Jeremy Corbyn says he did “everything he could” to get Labour into power and he will not “walk away” until another leader is elected.
The Labour leader said the election, which saw the Conservatives sweep aside his party in its traditional heartlands, was “taken over by Brexit”.
Mr Corbyn said he was “obviously very sad” but also had “pride” in the manifesto his party put forward.
Some people within Labour have blamed Mr Corbyn’s leadership for the defeat.
Former Labour MP John Mann said the leader’s unpopularity on the doorstep was palpable and Mr Corbyn should have “gone already”.
Lord Blunkett, a former Labour cabinet minister, called for the party leadership to apologise for the election defeat, adding that they were “lacking in any contrite belief that they made a mistake”.
Mr Corbyn said it was up to the National Executive to decide when he’ll go, adding it was likely a new leader would be selected in the early part of next year.
In an interview following his party’s defeat, Mr Corbyn addressed the following issues:
On his future
Mr Corbyn said he wouldn’t step down as leader yet because the “responsible thing to do is not to walk away from the whole thing,” adding that it was likely a new leader would be selected in the early part of next year.
He said: “I called last night for a period of reflection in the party and obviously the ruling body of the party, our national executive, will decide what process we follow then for the election of the successor to me.
“But I am quite prepared, and I was elected to do so, to lead the party until that takes place.”
Asked whether he was part of the problem, he said: “I’ve done everything I could to lead this party… and since I became leader the membership has more than doubled and the party has developed a very serious, radical yes, but serious and fully-costed manifesto”.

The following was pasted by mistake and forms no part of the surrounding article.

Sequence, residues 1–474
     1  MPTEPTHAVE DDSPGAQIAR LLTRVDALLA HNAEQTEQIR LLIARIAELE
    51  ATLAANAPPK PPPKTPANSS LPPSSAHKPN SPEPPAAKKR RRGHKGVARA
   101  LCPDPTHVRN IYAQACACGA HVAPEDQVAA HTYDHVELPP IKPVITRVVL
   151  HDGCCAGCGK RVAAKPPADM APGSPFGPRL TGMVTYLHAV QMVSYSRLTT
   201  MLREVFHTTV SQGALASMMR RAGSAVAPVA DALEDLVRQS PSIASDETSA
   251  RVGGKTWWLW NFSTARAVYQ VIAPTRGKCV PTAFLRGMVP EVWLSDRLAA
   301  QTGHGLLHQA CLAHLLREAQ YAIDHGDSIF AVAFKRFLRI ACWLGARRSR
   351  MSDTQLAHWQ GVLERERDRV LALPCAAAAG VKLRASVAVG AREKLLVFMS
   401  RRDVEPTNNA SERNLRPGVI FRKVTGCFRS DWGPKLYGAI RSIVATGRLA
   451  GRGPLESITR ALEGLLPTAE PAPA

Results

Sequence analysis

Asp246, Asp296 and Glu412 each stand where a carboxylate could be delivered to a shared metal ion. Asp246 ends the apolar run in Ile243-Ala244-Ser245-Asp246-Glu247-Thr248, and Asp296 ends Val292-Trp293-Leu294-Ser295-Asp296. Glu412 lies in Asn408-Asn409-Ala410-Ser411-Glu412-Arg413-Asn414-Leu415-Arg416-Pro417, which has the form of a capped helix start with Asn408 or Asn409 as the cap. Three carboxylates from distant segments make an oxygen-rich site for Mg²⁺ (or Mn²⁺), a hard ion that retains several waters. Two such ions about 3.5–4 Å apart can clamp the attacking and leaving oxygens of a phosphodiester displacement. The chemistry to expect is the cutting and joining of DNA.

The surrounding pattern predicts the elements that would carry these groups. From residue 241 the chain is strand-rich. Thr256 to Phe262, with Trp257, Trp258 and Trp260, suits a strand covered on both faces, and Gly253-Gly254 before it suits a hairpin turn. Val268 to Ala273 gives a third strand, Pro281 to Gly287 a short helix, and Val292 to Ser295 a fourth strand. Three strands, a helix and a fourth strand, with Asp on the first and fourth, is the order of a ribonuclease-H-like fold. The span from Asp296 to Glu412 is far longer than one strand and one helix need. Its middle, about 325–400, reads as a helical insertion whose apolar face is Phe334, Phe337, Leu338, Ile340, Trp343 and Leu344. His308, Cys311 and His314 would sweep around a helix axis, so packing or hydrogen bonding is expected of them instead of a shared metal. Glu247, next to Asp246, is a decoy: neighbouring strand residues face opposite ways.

He said once a successor was found he would continue to be an MP for Islington North and keep doing “the campaigning work I’ve done all my life”.
On the impact of Brexit
“This election was taken over ultimately by Brexit and we, as a party, represent people who both voted Remain and Leave,” he said.
“My whole strategy was to reach out beyond the Brexit divide to try and bring people together because ultimately the country has to come together.”
Asked what went wrong for the party, he said: “Those in Leave areas, in some numbers, voted for Brexit or Conservative candidates which meant that we lost a number of seats and we didn’t make the gains that I’d hoped we could have done”.
The Conservatives took Labour strongholds across northern England, the Midlands and Wales in areas which backed Brexit in the 2016 referendum.
Some traditional Labour constituencies, such as Darlington, Sedgefield and Workington, in the north of England, will have a Conservative MP for the first time in decades – or in the case of Bishop Auckland and Blyth Valley – for the first time since the seat was created.
And in direct criticism of Boris Johnson’s “get Brexit done” pledge, Jeremy Corbyn says the promise is a “mirage of nonsense”.
On the issue of anti-Semitism within the party
Speaking about his party’s handling of anti-Semitism, he said: “I inherited a system that didn’t work in the Labour party on anti-Semitism, I introduced the rule changes necessary to deal with it and they’re in operation.
“Anti-Semitism is an absolute evil curse within our society and I will always condemn it and also do and always will”.
On whether Corbynism was to blame
Asked whether “Corbynism” is now dead, Jeremy Corbyn says: “There is no such thing as Corbyninsm… there is socialism.”
He adds: “I don’t think [socialist ideas] are unelectable.”
He said his party’s policies were individually “very popular” and there was no “huge debate” about them within the party.